• Balance training is helpful for proprioception (awareness of body position), it can be done with and without equipment. There are exercise equipment used by the physiotherapists to improve balance such as balance pads.
  • Core stability exercises: Core stability exercise will be taught by one of our experts to tighten the muscles of the abdomen and back to keep the spine straight.
  • These exercises help in maintaining optimum posture and prevent further compression of the spinal cord.

How progressive care treat Cervical Myelopathy?

  • In surgical cases, the physiotherapist has an important role, before and after the surgery. In the pre-operative phase, the physiotherapist needs to be thoroughly aware with the patient’s history, occupation and about their activities they perform in daily living. What are the activities that the patient is aiming to return to?
  • The physiotherapist will inform you about the physiotherapy treatment program and the possible outcomes after the surgery. Exercises to improve mobility and proprioception will be taught by the physiotherapist. The patient starts with stabilisation exercises after the post surgery healing period and then Physiotherapist will guide you through more active mobilization exercises.
  • During the day the patient is encouraged to perform their usual ADLs. The Physiotherapist will alter the intensity of the exercises depending upon the performance and you will be progressed towards activities that include standing and walking. Physiotherapist will help you to adapt all activities in the home environment with active exercises.
  • You will be taught every modified way to perform the normal activities of daily living. You will be monitored and the Physiotherapist will increase the intensity of the exercises as needed.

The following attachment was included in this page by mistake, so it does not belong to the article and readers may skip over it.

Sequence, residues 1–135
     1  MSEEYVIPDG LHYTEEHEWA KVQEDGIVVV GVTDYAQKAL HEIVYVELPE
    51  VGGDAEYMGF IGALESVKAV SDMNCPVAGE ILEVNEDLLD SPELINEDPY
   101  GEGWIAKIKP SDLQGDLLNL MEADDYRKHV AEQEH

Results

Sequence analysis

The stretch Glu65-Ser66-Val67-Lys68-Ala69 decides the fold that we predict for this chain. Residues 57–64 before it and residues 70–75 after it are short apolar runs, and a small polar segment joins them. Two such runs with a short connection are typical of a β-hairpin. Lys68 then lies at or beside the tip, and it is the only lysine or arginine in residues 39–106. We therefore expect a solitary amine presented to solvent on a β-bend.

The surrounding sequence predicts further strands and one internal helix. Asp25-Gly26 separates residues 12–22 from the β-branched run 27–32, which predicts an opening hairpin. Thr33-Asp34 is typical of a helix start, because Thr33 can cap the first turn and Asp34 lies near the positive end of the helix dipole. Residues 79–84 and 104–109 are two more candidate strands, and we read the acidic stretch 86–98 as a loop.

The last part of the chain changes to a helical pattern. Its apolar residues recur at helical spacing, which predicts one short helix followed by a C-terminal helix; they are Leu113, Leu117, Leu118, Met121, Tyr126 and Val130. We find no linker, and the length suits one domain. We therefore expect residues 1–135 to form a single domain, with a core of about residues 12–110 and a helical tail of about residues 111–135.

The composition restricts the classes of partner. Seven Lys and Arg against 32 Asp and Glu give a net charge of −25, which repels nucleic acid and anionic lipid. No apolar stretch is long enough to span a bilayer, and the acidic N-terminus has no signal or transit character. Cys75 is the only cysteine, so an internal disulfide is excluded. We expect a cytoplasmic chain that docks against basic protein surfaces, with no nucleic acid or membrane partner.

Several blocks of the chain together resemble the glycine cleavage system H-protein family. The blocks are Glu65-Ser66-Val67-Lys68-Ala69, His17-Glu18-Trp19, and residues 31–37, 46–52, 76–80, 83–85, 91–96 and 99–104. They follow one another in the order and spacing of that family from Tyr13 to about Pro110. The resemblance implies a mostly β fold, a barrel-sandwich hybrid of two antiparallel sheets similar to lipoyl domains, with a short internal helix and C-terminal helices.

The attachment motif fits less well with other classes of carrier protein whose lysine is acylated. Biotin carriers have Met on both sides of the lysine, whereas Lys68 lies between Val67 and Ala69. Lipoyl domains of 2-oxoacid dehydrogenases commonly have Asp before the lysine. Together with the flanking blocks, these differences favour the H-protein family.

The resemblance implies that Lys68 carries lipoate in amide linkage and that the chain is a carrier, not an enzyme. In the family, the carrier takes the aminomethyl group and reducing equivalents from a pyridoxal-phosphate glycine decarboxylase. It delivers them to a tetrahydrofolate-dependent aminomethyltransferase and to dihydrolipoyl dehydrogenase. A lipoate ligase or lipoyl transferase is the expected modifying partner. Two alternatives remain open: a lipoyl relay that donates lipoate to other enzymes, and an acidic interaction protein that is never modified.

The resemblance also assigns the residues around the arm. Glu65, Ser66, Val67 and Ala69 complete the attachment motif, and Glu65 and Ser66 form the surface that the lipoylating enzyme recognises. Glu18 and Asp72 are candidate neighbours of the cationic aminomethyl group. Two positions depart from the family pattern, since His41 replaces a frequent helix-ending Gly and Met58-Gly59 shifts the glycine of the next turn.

• A Clinical Practice Guideline for the Management of Degenerative Cervical Myelopathy: Introduction, Rationale, and Scope Michael G.
  • Fehlings, MD, PhD, FRCSC, FACS, Lindsay A. Tetreault, PhD, […], and Jeffrey C.Wang MD Leonardi M, Boos N. Degenerative disorders of the cervical spine. 
  • Spinal Disorders 2008 (pp. 429-479). Springer, Berlin, Heidelberg. Kadanka Z, Bednarík J, Novotný O, Urbánek I, Dušek L. Cervical spondylotic myelopathy: conservative versus surgical treatment after 10 years. European Spine Journal.
  • 2011 Sep;20(9):1533-8 Joghataei MT, Arab AM, Khaksar H. The effect of cervical traction combined with conventional therapy on grip strength on patients with cervical radiculopathy.
  •  Clinical rehabilitation. 2004 Dec;18(8):879-87. Ogawa Y, Chiba K, Matsumoto M, Nakamura M, Takaishi H, Toyama Y. Postoperative factors affecting neurological recovery after surgery for cervical spondylotic myelopathy.
  • Journal of Neurosurgery: Spine. 2006 Dec 1;5(6):483-7. Management of spinal cord injury by Lisa Harvey. Chapter 2, 7,8 and Chapter 12.